After the riots in Parisian suburbs and other French cities by mainly Muslim youths late last year, few international and domestic analysts were touting the soundness of the French government's policies toward its Muslim population.
Critics charged French society with discriminating against people of North African descent and Muslims generally. Such discrimination, they claimed, fueled the riots.
Economically Driven Dissatisfaction
However, the Pew Center's survey data paints a different picture of the violence, putting France's treatment of Muslims in a more favorable light.
"When we look at the riots last year in France, they appear to have been heavily economically driven rather than driven by religion -- by the fact that there are very high rates of unemployment among French Muslims rather than by a zealous desire to convert or extinguish those of other faiths," Jodie Allen, a senior editor at Pew, told RFE/RL.
French Muslims, like Muslims in the rest of Europe, are concerned about unemployment. France has an estimated 5 million Muslims, comprising about 8 percent of the population. By contrast, Muslims make up less than 3 percent of the population in the United Kingdom and Denmark.
French Muslims Ready To Assimilate
More than half of French Muslims are concerned about joblessness, according to survey data collected by Pew in April 2006. But unlike their coreligionists elsewhere, a substantial majority embraces the customs of their countrymen.
"Nearly eight in 10 French Muslims generally say they want to adopt French customs," Allen said. "And this high preference for assimilation certainly compares with that in Spain, although Spanish Muslims tend also to come from North Africa. Only 53 percent of Muslims in Spain say they want to adopt Spanish customs. Only 41 percent in Britain say the same about British customs. And nearly 30 percent in Germany say that. So you can see that in some sense the Muslims in France feel more at home in that country."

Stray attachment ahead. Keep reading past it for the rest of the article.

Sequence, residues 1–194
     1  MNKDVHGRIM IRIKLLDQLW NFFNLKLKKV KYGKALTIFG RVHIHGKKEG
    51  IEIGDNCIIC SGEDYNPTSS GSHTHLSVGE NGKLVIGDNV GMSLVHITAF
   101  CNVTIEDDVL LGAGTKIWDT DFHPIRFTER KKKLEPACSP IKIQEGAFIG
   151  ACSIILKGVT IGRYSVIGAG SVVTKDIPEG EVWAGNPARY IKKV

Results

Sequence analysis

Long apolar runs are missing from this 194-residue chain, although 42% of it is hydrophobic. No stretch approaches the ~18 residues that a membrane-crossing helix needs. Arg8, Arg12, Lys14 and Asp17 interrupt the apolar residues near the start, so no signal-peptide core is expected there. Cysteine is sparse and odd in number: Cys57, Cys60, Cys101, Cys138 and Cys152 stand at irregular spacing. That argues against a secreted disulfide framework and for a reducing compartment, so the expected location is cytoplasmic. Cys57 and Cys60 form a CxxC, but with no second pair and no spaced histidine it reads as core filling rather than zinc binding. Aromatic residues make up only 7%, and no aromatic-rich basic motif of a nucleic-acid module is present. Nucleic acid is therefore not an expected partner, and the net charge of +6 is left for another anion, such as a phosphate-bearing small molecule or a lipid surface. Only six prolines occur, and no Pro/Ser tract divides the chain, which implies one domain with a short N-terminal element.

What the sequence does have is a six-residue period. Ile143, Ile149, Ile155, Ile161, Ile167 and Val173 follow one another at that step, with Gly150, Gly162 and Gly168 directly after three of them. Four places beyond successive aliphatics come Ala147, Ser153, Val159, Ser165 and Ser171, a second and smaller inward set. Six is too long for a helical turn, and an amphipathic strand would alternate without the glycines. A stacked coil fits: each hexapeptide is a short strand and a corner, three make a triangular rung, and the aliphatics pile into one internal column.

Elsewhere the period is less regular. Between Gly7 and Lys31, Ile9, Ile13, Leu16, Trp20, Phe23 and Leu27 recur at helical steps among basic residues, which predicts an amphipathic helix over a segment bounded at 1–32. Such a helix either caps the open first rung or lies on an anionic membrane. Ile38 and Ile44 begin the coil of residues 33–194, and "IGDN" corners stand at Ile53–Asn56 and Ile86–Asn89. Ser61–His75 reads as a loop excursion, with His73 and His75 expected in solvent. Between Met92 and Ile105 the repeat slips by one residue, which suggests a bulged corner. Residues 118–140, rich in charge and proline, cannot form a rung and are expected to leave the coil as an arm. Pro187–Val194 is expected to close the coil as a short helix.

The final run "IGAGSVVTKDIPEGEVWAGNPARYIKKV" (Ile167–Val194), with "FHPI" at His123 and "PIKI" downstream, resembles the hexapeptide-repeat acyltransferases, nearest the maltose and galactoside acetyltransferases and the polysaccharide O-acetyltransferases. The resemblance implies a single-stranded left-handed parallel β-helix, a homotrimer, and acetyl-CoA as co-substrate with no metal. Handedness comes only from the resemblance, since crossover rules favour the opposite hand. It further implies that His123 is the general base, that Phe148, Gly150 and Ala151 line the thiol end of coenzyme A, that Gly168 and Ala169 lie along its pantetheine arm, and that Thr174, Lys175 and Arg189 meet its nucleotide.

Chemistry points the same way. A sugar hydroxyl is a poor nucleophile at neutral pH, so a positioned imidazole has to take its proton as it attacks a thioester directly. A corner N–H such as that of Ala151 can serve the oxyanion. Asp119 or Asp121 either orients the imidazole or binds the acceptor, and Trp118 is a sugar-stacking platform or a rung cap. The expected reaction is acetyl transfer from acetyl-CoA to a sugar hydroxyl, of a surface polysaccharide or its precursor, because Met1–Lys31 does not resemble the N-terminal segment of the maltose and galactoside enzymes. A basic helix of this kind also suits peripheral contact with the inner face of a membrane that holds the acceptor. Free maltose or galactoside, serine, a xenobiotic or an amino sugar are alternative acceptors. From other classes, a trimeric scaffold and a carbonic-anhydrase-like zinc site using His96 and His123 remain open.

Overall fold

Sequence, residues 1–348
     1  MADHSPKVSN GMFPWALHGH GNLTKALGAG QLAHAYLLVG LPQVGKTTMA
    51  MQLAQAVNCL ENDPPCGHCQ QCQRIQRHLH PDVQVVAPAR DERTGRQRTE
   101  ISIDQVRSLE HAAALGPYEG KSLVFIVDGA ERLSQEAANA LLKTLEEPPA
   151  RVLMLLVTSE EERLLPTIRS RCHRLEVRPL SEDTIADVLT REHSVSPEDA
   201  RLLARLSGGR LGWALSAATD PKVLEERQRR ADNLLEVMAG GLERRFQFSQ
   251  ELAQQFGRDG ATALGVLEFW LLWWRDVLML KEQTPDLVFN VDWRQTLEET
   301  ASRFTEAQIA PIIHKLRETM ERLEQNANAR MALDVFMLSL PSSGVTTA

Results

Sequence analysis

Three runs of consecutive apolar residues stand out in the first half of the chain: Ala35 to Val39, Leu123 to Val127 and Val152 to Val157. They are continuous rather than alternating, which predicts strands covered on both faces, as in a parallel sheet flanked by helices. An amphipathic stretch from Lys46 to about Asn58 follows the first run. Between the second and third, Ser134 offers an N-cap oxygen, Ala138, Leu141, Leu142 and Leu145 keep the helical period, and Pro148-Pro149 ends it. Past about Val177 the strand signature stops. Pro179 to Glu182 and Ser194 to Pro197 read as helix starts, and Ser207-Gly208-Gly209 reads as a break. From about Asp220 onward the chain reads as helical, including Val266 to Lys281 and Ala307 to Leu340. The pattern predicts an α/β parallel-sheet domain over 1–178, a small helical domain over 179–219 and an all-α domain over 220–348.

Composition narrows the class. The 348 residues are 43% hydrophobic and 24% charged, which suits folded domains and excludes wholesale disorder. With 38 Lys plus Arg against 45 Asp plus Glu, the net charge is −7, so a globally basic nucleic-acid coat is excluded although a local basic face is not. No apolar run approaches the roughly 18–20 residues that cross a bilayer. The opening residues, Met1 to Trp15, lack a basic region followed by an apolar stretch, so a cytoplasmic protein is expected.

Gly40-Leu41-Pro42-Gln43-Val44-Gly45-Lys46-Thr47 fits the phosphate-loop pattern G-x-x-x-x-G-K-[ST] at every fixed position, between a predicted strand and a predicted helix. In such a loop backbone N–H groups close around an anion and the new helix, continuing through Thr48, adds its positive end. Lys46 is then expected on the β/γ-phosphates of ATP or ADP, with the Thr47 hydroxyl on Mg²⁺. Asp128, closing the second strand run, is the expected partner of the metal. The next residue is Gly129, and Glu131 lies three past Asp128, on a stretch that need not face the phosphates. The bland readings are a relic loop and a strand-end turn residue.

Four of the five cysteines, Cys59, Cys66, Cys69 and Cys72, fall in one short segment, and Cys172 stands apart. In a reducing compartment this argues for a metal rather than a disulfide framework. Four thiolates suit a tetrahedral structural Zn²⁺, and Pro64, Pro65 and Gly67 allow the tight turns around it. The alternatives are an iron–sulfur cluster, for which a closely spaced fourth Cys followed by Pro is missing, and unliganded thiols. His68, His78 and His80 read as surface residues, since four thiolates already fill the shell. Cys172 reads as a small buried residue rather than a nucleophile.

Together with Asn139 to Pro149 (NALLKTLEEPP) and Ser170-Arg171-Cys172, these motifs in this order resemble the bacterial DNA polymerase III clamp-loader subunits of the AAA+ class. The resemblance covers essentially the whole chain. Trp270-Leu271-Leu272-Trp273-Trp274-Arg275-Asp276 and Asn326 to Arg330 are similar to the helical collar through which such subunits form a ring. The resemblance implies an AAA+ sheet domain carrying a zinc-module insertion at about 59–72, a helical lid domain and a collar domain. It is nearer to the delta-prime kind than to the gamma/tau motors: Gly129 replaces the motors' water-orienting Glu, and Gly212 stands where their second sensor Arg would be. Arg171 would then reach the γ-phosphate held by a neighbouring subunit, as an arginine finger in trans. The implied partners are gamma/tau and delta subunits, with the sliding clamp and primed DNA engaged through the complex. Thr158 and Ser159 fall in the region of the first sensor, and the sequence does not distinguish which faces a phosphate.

As with the Paris riots last fall, the arrests of British-born Muslims in London in connection with an alleged plot to blow up airliners have prompted speculation that ethnic discrimination and joblessness have made Islamic extremism attractive to British Muslims. But French Muslims also face unemployment and prejudice. In fact, 37 percent of French Muslims reported a bad experience due to their race, ethnicity, or religion, compared to 28 percent among British Muslims.
Yet, the worldviews of French and British Muslims are worlds apart, according to Allen.
"When you ask questions about things like [potential] Iranian nuclear weapons -- this is a very striking finding," Allen said. "When we asked whether they favored or opposed Iran acquiring nuclear weapons, fully 71 percent of French Muslims opposed it, whereas only 41 percent of British Muslims opposed it. You just sort of see a different worldview operating there. I think it is partly French culture, and it is also partly the culture that their family lived in North Africa, too, in a more secularized outlook and a feeling that religion can be separated from the state."
Some of the difference between British and French Muslims can be attributed to ethnicity and country of origin. Nearly three-quarters of British Muslims are from South Asia -- Pakistan or India -- while French Muslims are predominantly from Morocco and Algeria, where they were already exposed to French culture.
Historically, French colonial policy emphasized the "civilizing effects" of the French language and culture, while the British Empire allowed its subjects more room to maintain their own cultures, discouraging integration.
In 2004, the French government began expelling foreign clerics that it deemed to be preaching intolerance toward other religions. In addition, would-be imams studying in French mosques must demonstrate their proficiency in French.
Few French Muslims perceive a conflict between being a devout Muslim and living in French society. Some 72 percent of those surveyed see no conflict, compared with only 49 percent in Great Britain.
Perhaps it is not coincidental then that the broader French public -- some 74 percent -- also sees no conflict, while only 35 percent of the British public agrees with this sentiment.